Nucleotide sequence accession numbers

The nucleotide sequence of the 16S rRNA gene has been deposited in the GenBank database under Accession No. GU014529.

Partial purification of the enzyme

One liter of protease production medium [0.5% skim milk, 0.5% yeast extract, 0.07%
KH2PO4, 0.01% NaCl, 0.01% CaCl22H2O, 0.01% MgSO47H2O, 0.001% MnSO44H2O and 0.001% FeSO47H2O (pH 7.4)] in two 2 L Erlenmeyer ! asks was aseptically inoculated with a single colony of strain JSP1 and aerobically cultivated with vigorous shaking (220 rpm) for 96 h at 28 oC. The culture medium containing secreted protease was centrifuged at 9000 g for 30 min at 4 oC to remove the cells, and proteins in the supernatant were then precipitated with ammonium sulfate (75% saturation). The pellet was dissolved in 50 mM Tris- HCl (pH 8.0) and dialyzed overnight against 50 mM Tris-HCl (pH 7.4) at 4 oC. The dialyzed solution was used as the protease source throughout this work to examine its catalytic properties.


Native Polyacrylamide Gel Electrophoresis (PAGE) was carried out with a Modular Mini-Protein II Electrophoresis System (Bio- Rad, Hercules, CA, USA) according to the  manufacturer.s instructions. Zymograms (0.1% casein in 10% polyacrylamide) were run for 6 h at 4 oC and 60 V in buffer containing 25 mM Tris-HCl (pH 8.0) and 125 mM glycine. After electrophoresis, the gel was incubated overnight at room temperature in calcium proteolysis buffer (20 mM Tris-HCl, 20 mM CaCl2 ; pH 7.4) under gentle shaking. The gel was stained with SimplyBlueSafeStain (Invitrogen) for 30 min and destained overnight. The bands of caseinolytic activity appear white on a blue-stained background.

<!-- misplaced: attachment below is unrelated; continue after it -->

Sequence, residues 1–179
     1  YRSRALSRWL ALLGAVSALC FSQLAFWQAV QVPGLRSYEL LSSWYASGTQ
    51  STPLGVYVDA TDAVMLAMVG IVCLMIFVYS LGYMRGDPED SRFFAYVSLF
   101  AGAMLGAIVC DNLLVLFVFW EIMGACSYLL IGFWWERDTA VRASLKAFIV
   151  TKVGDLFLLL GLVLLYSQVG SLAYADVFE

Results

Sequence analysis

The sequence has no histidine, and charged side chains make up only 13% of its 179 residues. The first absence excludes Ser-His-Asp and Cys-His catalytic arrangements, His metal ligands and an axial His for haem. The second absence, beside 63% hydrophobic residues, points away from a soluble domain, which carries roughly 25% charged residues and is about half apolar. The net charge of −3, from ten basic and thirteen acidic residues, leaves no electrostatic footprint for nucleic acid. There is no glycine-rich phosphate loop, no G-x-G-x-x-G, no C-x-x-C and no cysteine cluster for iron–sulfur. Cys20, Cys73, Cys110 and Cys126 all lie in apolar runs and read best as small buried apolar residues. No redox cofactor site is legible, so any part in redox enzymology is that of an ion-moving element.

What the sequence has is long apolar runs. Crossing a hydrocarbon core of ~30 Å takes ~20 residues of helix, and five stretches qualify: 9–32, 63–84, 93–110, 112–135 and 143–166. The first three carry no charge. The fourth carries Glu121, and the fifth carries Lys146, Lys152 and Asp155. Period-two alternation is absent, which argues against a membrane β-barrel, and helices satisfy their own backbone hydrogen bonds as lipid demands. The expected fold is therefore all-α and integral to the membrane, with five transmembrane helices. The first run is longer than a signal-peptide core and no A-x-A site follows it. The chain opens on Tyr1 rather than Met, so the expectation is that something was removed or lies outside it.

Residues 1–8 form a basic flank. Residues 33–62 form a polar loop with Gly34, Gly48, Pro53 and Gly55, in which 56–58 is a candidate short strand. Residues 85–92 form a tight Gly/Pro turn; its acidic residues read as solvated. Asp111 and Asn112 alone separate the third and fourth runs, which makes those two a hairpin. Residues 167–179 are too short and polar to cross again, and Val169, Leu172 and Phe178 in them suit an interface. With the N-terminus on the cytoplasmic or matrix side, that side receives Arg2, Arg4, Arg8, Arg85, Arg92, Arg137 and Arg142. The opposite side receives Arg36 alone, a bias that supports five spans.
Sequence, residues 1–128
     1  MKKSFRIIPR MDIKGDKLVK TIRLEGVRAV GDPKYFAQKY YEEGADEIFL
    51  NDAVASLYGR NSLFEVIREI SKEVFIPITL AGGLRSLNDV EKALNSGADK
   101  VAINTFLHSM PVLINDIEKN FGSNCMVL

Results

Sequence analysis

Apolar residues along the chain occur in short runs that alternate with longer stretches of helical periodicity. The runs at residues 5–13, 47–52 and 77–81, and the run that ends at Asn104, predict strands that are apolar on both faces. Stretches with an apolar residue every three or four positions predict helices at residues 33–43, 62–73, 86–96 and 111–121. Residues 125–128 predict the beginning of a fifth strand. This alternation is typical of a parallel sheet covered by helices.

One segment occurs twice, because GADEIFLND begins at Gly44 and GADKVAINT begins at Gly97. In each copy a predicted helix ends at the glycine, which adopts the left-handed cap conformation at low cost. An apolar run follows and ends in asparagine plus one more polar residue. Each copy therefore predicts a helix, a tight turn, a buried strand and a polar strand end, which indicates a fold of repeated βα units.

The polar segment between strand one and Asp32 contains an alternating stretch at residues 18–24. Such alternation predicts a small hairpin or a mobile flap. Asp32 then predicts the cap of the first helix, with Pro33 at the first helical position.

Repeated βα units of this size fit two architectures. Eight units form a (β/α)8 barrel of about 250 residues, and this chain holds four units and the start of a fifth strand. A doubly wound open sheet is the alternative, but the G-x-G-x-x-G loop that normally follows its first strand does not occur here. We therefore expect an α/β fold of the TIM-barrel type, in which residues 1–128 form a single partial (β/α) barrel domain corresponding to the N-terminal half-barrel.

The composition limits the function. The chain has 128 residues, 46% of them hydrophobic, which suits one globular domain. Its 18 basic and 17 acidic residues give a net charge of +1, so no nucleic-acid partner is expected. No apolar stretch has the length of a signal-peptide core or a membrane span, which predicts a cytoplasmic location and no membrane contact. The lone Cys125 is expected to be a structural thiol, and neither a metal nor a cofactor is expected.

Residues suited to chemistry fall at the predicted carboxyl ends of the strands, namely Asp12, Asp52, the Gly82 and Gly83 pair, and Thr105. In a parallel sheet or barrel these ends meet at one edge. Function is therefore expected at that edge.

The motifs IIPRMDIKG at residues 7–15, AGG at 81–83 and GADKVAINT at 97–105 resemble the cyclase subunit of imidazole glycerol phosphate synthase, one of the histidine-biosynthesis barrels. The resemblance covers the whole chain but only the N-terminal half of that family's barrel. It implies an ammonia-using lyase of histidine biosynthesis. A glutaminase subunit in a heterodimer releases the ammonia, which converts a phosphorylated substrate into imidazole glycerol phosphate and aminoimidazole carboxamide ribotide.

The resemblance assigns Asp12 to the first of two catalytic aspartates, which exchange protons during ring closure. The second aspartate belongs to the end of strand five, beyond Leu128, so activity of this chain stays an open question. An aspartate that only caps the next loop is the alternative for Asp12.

Preparation of keratin substrate

Keratin substrate was prepared from chicken feathers by the modi" cation method of Nam et  al. (2002). Brie! y, ground chicken feathers (1 g) in 50 mL of dimethyl sulfoxide, were solubilized by heat treatment on a hot plate at 90 oC for 2 h. Soluble keratin was then precipitated by addition of cold acetone (200 mL) at -70 oC for 2 h followed by centrifugation at 10000 g for 20 min. The precipitate was washed twice with distilled water and then dissolved in 10 mM Tris-HCl buffer (pH 9.0).

Enzyme assay and general catalytic properties